Pavilion lodge built c1890s as part of the Childwickbury Stud, possibly designed by R W Edis FRIBA.
Reason for Listing
The pavilion lodge built c1890s as part of the Childwickbury Stud is designated at Grade II for the following principal reasons:
*Architectural interest: its picturesque character, created by the use of timber arcading, red clay bonnet tiles and exposed rafters at the eaves, makes an important contribution to the harmonious design of the stud. The possible attribution of the nationally significant R W Edis adds to its architectural interest;
*Historic interest: it has considerable sporting historical significance as being part of one of the most famous and successful studs ever established in the country. The stud was the home of stallions and brood mares of outstanding pedigree, and was run by two of the most successful owner/ breeders of the C20 who owned the winners of 1,696 races;
*Group value: it has strong group value with the other listed stud buildings which were designed as a coherent architectural ensemble.
In 1883 the Childwickbury estate was purchased by Sir John Blundell Maple (1845-1903), son of the founder of the famous London furniture store, who established a horse racing stud on the former farmstead. In 1888 he built extensive stable ranges and service buildings, creating the largest stud in the country with over 150 racehorses. In 1895 it was described in the periodical Racing Post as ‘one of the most complete and beautifully arranged of its kind’. In 1907 Lady Maple sold the estate to Jack B Joel, a diamond and gold merchant, who also bred many successful horses there. In 1940 the estate passed to his son H J Joel, known as Jim, and together they were amongst the most successful British breeders/ owners for most of the C20. Many important stallions were bred at Childwickbury, including Royal Hamton and Saraband for Sir John Blundell Maple, and Humorist for J B Joel; and it was the home of brood mares of outstanding pedigree, including Absurdity and Doris. The stud and the manor were sold separately in 1978, and successive owners of the stud have maintained it to a high standard with few alterations.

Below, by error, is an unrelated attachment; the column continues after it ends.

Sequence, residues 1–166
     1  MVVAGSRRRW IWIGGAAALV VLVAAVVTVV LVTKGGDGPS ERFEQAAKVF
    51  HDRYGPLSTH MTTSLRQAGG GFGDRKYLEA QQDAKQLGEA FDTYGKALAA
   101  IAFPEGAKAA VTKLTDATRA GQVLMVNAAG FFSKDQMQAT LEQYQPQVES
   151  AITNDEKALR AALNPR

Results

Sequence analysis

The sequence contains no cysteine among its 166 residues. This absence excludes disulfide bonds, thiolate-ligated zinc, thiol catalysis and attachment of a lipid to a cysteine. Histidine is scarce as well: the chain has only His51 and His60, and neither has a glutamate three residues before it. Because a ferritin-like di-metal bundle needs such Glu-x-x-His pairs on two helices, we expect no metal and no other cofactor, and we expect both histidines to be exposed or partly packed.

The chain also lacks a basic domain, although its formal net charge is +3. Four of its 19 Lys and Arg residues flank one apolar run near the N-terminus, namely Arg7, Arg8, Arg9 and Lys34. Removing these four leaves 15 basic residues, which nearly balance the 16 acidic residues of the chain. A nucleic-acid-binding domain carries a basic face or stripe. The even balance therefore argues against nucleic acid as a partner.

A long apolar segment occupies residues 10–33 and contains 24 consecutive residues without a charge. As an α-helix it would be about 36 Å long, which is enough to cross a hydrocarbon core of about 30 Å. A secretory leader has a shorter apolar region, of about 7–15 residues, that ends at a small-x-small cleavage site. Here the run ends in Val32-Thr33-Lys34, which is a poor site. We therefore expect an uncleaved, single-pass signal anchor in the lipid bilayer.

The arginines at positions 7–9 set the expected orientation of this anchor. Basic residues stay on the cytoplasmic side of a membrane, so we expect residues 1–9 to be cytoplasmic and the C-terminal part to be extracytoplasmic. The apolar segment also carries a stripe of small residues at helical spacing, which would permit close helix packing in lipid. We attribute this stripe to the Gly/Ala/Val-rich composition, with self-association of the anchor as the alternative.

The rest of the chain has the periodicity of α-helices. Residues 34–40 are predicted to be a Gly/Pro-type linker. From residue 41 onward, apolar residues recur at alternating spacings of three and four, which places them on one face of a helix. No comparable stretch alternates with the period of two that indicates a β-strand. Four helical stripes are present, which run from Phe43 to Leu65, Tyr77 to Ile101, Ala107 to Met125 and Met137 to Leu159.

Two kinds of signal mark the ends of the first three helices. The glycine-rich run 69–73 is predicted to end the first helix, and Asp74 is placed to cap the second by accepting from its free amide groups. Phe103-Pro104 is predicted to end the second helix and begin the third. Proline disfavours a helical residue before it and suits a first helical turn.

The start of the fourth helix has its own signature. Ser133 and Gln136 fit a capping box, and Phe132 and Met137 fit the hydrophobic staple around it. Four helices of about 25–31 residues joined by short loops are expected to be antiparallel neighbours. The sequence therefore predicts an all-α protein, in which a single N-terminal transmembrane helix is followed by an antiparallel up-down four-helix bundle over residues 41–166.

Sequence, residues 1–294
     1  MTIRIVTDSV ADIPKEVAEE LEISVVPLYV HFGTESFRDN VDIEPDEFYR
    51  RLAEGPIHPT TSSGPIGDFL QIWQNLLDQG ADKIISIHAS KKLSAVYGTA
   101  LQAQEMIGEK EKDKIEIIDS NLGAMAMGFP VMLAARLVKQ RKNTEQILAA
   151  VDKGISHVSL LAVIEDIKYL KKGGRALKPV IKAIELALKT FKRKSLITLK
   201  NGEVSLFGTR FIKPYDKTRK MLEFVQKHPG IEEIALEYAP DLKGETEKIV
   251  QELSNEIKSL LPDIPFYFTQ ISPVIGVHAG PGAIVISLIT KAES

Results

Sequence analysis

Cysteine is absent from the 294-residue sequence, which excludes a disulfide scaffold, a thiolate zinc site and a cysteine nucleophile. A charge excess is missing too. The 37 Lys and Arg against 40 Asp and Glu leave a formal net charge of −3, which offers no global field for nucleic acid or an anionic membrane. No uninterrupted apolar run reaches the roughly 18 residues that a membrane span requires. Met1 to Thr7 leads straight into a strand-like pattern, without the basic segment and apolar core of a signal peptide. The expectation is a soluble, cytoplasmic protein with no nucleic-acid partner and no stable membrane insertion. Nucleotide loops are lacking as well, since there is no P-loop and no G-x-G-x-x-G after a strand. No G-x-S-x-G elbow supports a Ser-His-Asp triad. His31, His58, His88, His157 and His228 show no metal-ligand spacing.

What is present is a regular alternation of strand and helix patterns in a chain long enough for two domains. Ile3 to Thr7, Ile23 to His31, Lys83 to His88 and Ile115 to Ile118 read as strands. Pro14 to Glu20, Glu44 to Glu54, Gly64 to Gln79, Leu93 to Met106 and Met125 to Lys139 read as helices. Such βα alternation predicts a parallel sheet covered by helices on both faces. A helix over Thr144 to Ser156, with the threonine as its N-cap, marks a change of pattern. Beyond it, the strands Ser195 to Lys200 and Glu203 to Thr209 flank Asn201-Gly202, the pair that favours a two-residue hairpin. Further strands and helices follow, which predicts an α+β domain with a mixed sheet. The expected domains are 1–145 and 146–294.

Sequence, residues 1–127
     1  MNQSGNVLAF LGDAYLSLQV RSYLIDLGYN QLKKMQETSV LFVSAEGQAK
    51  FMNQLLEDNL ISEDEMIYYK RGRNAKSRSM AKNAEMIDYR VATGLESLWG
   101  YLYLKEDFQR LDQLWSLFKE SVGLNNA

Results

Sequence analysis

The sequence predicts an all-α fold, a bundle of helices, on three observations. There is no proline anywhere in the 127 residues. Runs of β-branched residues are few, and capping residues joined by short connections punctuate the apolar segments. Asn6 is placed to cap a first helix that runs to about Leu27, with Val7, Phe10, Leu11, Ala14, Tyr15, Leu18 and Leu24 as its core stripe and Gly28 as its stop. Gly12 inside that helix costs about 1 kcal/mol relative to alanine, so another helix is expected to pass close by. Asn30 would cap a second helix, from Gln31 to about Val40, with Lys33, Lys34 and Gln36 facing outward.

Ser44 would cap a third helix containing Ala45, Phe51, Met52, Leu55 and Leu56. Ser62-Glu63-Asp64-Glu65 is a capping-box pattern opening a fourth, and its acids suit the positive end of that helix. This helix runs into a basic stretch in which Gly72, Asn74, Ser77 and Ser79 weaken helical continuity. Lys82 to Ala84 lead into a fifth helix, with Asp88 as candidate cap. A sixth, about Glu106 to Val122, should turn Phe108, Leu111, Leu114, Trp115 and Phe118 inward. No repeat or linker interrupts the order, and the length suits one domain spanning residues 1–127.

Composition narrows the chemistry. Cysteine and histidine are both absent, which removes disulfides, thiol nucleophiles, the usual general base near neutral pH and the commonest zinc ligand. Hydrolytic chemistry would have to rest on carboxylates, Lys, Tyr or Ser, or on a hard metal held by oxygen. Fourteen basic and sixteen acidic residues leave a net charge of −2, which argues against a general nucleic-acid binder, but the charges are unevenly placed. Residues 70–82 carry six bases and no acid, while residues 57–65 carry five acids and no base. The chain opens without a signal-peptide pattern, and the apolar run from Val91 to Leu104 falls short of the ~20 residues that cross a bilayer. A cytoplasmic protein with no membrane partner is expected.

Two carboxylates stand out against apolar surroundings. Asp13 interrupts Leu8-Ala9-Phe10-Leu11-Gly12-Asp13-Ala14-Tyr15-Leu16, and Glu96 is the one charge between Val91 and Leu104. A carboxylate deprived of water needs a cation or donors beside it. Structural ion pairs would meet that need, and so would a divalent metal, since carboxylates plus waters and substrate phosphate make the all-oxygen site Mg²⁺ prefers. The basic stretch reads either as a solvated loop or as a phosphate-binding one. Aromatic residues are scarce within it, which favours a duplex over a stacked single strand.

The stud yard comprises Childwick Hall, originally the farmhouse which became the manager’s house in 1888, and to the north-east the L-shaped range of horse boxes, the stallion boxes, trophy room and covering yard, the 1917 monument commemorating Doris, and the pair of pavilions, one for tack and the other for feed, all of which are listed at Grade II. To the north-west is a large field, formerly divided into paddocks, and along the northern edge is a long range called Beesonend New Boxes (locally listed) which may, as their name suggests, have been built a little later. They appear on the 1898 Ordnance Survey map, as does the pavilion lodge situated at the west end of the range, in the north-west corner of the field. It is very similar in style to the pair of pavilion buildings in the stud yard. Its precise function is unknown but it is thought to have provided accommodation for stable hands and possibly served as an office for the north entrance to the estate. The building has remained virtually unaltered except for the loss of a few panes of glass, and the external side of the doors have been clad in plywood. The stud buildings were probably designed by Sir Robert William Edis (1839-1927) who was head assistant to Anthony Salvin before commencing practice in 1863. He is associated primarily with the Queen Anne style of the 1870s and 1880s and has over twenty listed buildings he either designed or altered to his name.
MATERIALS: red brick with decorative timber blind arcading applied to outer wall faces, hipped roof clad in plain red ceramic tiles with bonnet tiles to the hips and brick chimney stack.
PLAN: short range of two rooms.
EXTERIOR: the single-storey building has an off-set plinth in darker brick and exposed rafters at the eaves. The long east elevation has to the left a two-light casement with glazing bars and to the right a timber plank door, now clad in plywood. The long west elevation has similar windows at either end. The short north side is lit by a similar window, and the south side has a central door, also clad in plywood. The timber-framed arcading applied to the wall faces above the plinth comprises plain square posts at the corners of the building and on the sides of the apertures, all painted green. The intermediate posts are similar and painted green, except that their upper parts are semicircular with turned mouldings, painted white, rising to the level of the impost blocks. From these spring the curved timbers forming pointed arches, painted white, below the eaves. The intermediate rail at sill level is painted green. The roof is crowned end to end by a glazed lantern with a hipped roof which has exposed rafters at the eaves and a central ridge stack with oversailing brick courses and two tapered pots. The long sides are lit by six three-light windows with vertical glazing bars, and the short sides by one four-light window.
INTERIOR: the larger south room has a vertical boarded dado and a boarded ceiling to the rafters below the lantern light. It has a four-panelled door, simple timber fire surround (the fireplace is now boarded over), a fitted cupboard to the right of the fireplace, and a red clay tiled floor. The smaller north room was not accessible but is probably similar and has a fitted corner cupboard.
Listed building text is © Crown Copyright. Reproduced under licence.